The Dow is now above 15-thou, ready to open above that threshhold for the first time in history. The index rose to a record yesterday, ending the regular session at 15, 056 points. The S&P also set a closing record at 1,625. Both are now up 14% this year. Do these records mean it's time for a pullback? Or are they fuel for a market that's been on fire? Yahoo! Finance Senior Columnist Mike Santoli explains in the video above what history would suggest.
Some earnings just out this morning: AOL (AOL) missed on EPS posting 32-cents when estimates were for 35-cents. The company did however beat on revenue. Meanwhile, Wendy's (WEN) missed on revenue, but reported earnings of 3-cents a share when you exclude items. That was in line with estimates.
Change is still costing JC Penney (JCP). The company now says sales were down almost 17% in the quarter that just ended last Saturday. The drop is being blamed on ousted CEO Ron Johnson who tried to upend Penney's pricing policy. But business is also down because of construction at hundreds of stores. The company will release its full earnings report next week. Shares were down 3% yesterday. They're down 21% since the start of the year.
Target (TGT) has just put a new arrow in its quiver. It's a plan that aims to get Facebook users in store. Here's how it works: Shoppers bring in a special discount barcode which they'll get through Facebook (FB). They'll be eligible for more discounts by recruiting friends to enter the program. Users will also see what their friends have been buying. The discounts won't be available on Target's website.
Whole Foods Market (WFM) is looking like "whole goodness" up 8% in premarket trading. The company says it bagged earnings of 76-cents a share last quarter, beating estimates by 3-cents. Revenues were in line, topping $3-billion. The king of the upscale supermarkets is reaffirming a full-year forecast of at least 10% sales growth, and also announced a stock split. Prior to the spike we're seeing now, the stock had gained less than 1% since the start of the year.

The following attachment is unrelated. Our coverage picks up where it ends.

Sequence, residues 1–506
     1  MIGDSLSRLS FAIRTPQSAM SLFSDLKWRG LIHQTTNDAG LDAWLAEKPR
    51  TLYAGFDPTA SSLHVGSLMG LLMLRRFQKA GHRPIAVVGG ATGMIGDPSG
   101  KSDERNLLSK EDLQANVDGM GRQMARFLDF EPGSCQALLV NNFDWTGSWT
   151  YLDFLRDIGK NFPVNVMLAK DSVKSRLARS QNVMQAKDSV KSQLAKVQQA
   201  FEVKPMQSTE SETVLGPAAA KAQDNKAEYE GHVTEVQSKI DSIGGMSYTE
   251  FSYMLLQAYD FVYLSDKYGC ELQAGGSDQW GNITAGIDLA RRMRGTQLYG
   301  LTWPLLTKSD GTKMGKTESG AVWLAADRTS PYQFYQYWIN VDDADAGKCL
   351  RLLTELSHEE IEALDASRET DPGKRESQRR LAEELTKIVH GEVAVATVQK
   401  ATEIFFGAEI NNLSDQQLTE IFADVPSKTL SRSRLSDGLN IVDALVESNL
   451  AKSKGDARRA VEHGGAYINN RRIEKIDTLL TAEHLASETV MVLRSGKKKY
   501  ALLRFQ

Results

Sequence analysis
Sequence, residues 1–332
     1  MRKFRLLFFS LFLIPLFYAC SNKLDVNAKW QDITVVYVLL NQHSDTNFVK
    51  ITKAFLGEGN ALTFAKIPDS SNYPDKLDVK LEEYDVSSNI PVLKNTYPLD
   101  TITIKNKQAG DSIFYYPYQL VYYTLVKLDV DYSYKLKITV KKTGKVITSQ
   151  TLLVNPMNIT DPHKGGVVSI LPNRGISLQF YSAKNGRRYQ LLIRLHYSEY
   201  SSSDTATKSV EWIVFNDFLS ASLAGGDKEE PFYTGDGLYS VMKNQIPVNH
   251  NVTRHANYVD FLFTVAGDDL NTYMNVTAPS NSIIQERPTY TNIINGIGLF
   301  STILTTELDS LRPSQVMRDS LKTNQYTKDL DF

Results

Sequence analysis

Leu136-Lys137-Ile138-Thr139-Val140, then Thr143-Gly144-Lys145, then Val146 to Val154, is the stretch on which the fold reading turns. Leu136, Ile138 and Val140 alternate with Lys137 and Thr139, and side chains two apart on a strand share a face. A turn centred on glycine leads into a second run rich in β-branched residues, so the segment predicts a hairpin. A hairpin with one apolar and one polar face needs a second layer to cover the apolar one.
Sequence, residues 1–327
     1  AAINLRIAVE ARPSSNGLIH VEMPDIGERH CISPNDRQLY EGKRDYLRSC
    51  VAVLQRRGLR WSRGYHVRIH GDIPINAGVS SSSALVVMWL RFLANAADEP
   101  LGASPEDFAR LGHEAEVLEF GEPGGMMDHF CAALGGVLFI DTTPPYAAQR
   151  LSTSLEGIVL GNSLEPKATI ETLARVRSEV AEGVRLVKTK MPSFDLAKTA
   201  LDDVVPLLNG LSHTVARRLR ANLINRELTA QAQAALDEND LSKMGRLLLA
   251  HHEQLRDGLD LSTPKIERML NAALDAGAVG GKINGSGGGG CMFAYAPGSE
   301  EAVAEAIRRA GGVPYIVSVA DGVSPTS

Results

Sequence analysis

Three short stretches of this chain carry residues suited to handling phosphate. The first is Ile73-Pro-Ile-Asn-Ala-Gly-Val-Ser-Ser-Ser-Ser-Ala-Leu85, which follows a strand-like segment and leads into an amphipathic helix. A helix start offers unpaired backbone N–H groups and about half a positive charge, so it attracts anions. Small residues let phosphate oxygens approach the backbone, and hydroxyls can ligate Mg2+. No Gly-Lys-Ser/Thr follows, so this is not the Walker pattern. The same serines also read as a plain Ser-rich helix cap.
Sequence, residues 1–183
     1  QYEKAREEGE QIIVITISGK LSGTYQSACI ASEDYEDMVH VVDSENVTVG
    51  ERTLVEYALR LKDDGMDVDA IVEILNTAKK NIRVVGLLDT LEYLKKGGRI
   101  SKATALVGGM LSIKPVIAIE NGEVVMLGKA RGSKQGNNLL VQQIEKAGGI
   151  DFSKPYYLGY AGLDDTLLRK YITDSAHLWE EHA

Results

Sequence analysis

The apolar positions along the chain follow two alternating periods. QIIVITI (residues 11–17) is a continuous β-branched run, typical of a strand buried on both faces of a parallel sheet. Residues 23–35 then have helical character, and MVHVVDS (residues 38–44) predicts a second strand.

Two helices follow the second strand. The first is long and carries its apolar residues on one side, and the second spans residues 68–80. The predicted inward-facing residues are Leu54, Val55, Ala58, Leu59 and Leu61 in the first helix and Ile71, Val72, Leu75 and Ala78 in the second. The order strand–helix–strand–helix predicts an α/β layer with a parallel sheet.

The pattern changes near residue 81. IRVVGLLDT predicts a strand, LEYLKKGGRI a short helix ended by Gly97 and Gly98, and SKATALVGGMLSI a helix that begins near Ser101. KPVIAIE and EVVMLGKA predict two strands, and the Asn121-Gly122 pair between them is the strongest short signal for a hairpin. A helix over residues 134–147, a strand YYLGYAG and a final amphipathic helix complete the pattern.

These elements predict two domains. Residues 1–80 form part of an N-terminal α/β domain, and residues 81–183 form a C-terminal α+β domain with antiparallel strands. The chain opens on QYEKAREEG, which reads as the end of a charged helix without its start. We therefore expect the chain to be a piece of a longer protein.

Next, there may be trouble in the house for online real estate database Zillow (Z). The stock has been swinging since the company reported earnings yesterday afternoon and is now down more than 7%. Zillow missed estimates coming in with a loss of 11-cents a share when the conensus was for just 3-cents. The company did however beat on revenue which was up 71% from a year ago. Zillow says opportunity is knocking with the improving housing market. Realtor subscriptions and mortgage advertising are already up. Zillow took quite a tumble in mid-November, but shares are up 122% year-to-date.
Now, we look at Monster Beverage (MNST) which is going to be reporting earnings after today's closing bell. Monster got jolted again on Monday when San Francisco filed suit against the company, saying it illegally markets high-caffeine products to kids. It's expected to post earnings of 46-cents a share up a nickel from last year. Revenue probably rose about 10%. Shares are currently trading right in the middle of their 52-week range so investors don't seem too spooked by the bad publicity about energy drinks.
Finally, Tesla (TSLA) reports earnings after the closing bell. Shares ended yesterday's session, down 10% from their intra-day high. That nearly erased impressive gains made over the past week. Tesla will be reporting its first-ever profit. We know that because the company made that pre-announcement last month saying sales of its new sedan have topped estimates. Meanwhile, CEO Elon Musk was back on twitter yesterday, downplaying reports that Tesla's teaming with Google (GOOG) on self-driving cars. He wrote, "Creating an autopilot for cars at Tesla is an important, but not yet top priority. Still a few years from production."
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